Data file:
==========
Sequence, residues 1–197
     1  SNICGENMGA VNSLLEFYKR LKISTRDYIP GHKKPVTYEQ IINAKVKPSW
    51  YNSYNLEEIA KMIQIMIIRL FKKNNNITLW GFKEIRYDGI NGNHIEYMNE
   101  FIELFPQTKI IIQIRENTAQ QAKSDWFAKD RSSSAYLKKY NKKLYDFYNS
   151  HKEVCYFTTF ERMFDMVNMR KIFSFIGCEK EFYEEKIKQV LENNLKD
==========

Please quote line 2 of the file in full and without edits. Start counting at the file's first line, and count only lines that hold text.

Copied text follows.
     1  SNICGENMGA VNSLLEFYKR LKISTRDYIP GHKKPVTYEQ IINAKVKPSW